The Thursday feeding frenzy on the left featured all of the usual suspects - CNN's Rick Sanchez, MSNBC's Chris Matthews and others. On ABC, reporter Pierre Thomas painted a terrifying picture of hate: "A cold-blooded murder at the Holocaust Museum by a white supremacist. An abortion doctor gunned down in a church two weeks ago. January 21st, Brockton Massachusetts, a day after inauguration, a man who police say had a plan to kill as many blacks, Hispanics and Jews as he could, rapes a minority woman and kills two."
According to Thomas, issues that rile conservatives are the dangerous ones, telling viewers about "radicals of the ultra-fringe, filled with rage about illegal immigration, fear of losing their guns, abortion and race."
Earlier in the week, Salon.com editor Joan Walsh attacked talk radio host Rush Limbaugh and even drew a connection between the murder of partial birth abortion Dr. George Tiller and comments made by FOX News Channel's Bill O'Reilly both on her site and on FOX's competitor MSNBC. Walsh claimed "there's a through-line between any of these acts of terrorism and the right-wing rhetoric that abets it, of course, it's the one linking Bill O'Reilly to Scott Roeder, the man who murdered Tiller."
It's good to know that hate is now bad. This after the left spent eight spent years demonizing our soldiers in Iraq, President George Bush, Vice President Dick Cheney, businessmen and virtually anyone connected to the GOP. Now, as Code Pinkers still harass Cheney and protest Bush's new Texas home and lefty bloggers call for the execution of climate deniers, suddenly the issue they want to focus on is "right-wing hate."
Markos Moulitsas of the DailyKos blog was especially strident in his attacks on the right, trying to score political points off the death of a hero. In one comment on Twitter, he claimed "right wingers went to bat for neo-Nazis and extremists in DHS report, and now they reap the rewards."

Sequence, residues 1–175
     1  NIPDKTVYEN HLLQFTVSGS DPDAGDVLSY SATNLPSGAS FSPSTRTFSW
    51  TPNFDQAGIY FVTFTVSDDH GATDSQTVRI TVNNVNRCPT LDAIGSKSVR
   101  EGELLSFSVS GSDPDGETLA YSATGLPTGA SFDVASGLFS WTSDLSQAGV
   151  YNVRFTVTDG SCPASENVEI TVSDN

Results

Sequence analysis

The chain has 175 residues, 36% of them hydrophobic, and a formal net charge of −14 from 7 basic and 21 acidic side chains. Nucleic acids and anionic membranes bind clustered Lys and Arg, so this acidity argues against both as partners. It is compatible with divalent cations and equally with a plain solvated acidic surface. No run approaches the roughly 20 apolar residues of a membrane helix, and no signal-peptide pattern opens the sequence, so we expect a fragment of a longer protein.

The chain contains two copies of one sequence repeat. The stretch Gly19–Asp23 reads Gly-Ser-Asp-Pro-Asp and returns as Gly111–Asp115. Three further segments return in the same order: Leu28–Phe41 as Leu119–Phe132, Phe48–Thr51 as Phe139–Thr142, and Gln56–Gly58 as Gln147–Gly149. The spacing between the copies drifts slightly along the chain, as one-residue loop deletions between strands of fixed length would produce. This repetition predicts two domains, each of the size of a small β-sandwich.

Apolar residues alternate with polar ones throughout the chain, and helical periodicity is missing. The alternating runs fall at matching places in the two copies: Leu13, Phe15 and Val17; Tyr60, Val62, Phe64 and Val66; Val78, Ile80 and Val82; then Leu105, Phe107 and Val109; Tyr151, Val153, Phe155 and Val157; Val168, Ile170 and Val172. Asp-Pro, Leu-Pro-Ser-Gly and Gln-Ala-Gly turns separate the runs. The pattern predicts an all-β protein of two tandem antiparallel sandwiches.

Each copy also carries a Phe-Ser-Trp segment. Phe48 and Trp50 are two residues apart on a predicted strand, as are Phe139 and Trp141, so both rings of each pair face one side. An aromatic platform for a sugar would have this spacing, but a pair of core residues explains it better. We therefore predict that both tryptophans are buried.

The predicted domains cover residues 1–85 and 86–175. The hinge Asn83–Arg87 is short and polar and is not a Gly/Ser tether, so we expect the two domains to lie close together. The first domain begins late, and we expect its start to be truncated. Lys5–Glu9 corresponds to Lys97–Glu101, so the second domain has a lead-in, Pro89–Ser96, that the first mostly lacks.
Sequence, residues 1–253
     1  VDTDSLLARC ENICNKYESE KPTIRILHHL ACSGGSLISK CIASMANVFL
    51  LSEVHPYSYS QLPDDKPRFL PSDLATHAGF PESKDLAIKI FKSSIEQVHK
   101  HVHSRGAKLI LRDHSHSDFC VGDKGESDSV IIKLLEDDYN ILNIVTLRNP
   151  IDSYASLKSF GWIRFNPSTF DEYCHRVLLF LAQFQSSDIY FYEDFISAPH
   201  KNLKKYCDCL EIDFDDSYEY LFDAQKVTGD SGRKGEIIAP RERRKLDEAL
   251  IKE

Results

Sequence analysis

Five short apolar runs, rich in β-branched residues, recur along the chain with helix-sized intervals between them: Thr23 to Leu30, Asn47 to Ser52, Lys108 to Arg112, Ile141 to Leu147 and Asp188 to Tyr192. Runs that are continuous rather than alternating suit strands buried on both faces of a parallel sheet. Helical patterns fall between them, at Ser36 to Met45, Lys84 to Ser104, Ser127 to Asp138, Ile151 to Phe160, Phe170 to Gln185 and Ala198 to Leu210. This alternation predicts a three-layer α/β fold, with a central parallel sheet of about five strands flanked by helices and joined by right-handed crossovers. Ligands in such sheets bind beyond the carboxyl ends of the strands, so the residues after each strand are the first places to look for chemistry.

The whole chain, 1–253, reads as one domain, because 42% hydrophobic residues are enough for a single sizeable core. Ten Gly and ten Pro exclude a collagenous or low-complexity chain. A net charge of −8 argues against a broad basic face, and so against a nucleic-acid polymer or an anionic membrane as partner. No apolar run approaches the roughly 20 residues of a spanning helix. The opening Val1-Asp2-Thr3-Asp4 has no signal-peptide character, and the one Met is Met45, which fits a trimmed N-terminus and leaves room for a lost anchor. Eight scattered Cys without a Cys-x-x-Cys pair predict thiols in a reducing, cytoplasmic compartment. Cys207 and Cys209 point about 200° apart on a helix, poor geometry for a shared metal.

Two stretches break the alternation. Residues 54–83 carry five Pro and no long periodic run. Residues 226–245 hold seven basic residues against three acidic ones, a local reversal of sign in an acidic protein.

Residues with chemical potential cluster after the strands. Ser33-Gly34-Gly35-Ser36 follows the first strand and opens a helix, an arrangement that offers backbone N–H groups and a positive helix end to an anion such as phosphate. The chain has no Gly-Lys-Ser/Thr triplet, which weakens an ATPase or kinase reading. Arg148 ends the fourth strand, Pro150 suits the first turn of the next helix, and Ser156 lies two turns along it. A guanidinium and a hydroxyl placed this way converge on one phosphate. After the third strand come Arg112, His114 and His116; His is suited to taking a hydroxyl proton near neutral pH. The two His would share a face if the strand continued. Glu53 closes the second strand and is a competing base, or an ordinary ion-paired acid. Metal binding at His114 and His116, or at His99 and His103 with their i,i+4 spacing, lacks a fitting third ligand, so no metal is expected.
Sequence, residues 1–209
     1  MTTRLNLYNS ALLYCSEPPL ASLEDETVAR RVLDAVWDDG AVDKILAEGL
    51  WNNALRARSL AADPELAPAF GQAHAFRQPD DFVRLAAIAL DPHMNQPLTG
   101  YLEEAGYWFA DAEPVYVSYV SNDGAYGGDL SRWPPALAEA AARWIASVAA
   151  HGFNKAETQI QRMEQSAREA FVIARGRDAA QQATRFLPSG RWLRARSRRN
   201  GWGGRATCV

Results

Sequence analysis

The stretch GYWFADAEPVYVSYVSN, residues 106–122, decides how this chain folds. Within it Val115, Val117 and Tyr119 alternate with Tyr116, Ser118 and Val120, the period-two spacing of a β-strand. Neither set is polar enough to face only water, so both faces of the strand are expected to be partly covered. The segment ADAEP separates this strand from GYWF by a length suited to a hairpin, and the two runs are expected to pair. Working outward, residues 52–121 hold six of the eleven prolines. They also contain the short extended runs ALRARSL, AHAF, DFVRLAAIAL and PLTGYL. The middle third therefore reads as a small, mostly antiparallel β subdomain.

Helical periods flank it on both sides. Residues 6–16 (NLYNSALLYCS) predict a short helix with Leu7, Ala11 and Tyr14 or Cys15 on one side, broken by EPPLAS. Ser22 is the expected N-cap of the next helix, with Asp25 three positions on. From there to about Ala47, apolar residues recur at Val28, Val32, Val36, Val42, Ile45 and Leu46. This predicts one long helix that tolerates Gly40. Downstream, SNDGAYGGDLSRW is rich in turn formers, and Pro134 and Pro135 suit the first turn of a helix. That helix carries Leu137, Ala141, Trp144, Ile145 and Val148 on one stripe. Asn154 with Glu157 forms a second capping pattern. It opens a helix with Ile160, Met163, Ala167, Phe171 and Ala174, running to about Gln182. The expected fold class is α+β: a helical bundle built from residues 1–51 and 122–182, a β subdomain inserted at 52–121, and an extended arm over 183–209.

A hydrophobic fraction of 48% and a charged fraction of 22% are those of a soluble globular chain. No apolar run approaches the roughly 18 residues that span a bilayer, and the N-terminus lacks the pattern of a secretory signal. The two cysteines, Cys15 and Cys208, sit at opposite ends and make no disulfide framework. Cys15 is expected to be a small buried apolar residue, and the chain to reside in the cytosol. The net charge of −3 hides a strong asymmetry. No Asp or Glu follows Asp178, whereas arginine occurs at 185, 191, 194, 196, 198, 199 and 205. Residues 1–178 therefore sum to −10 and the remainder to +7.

The Daily Beast reporter Benjamin Sarlin took a predictably similar route, saying "to the nation's horror, a much-maligned Department of Homeland Security memo on right-wing extremism is looking more accurate by the day." And Dallas Morning News's Wayne Slater told CNN that the attack was linked with "anti-tax secessionists in Texas," or Tea Party protesters.
None of these statements hold up under scrutiny. Von Brunn is a World War IIveteran. And for all the talk from the left trying to link von Brunn to conservative Web sites, forum sites are open to anyone. It's impossible to monitor thousands of posters on an Internet message board for either the right or the left. And Web neophytes are trying to claim that conservative sites are somehow anti-Semitic without looking at the hatred of Jewish people common on lefty sites.
All of these breathless theories from left-wing quarters about Wednesday's shooting fall apart when you look at one key point -- that von Brunn's history makes it obvious he is no "right-wing" anything. Finding a right-winger who hated the government under Reaganis like trying to find an honest politician.
But to tell that story, the liberal media would also have to be honest. Too many in the mainstream media gave up on honesty as the best policy long ago.
Dan Gainor is The Boone Pickens Fellow and the Media Research Center's Vice President for Business and Culture. His column appears each week on The FOX Forum and he can be seen each Thursday on Foxnews.com's "Strategy Room."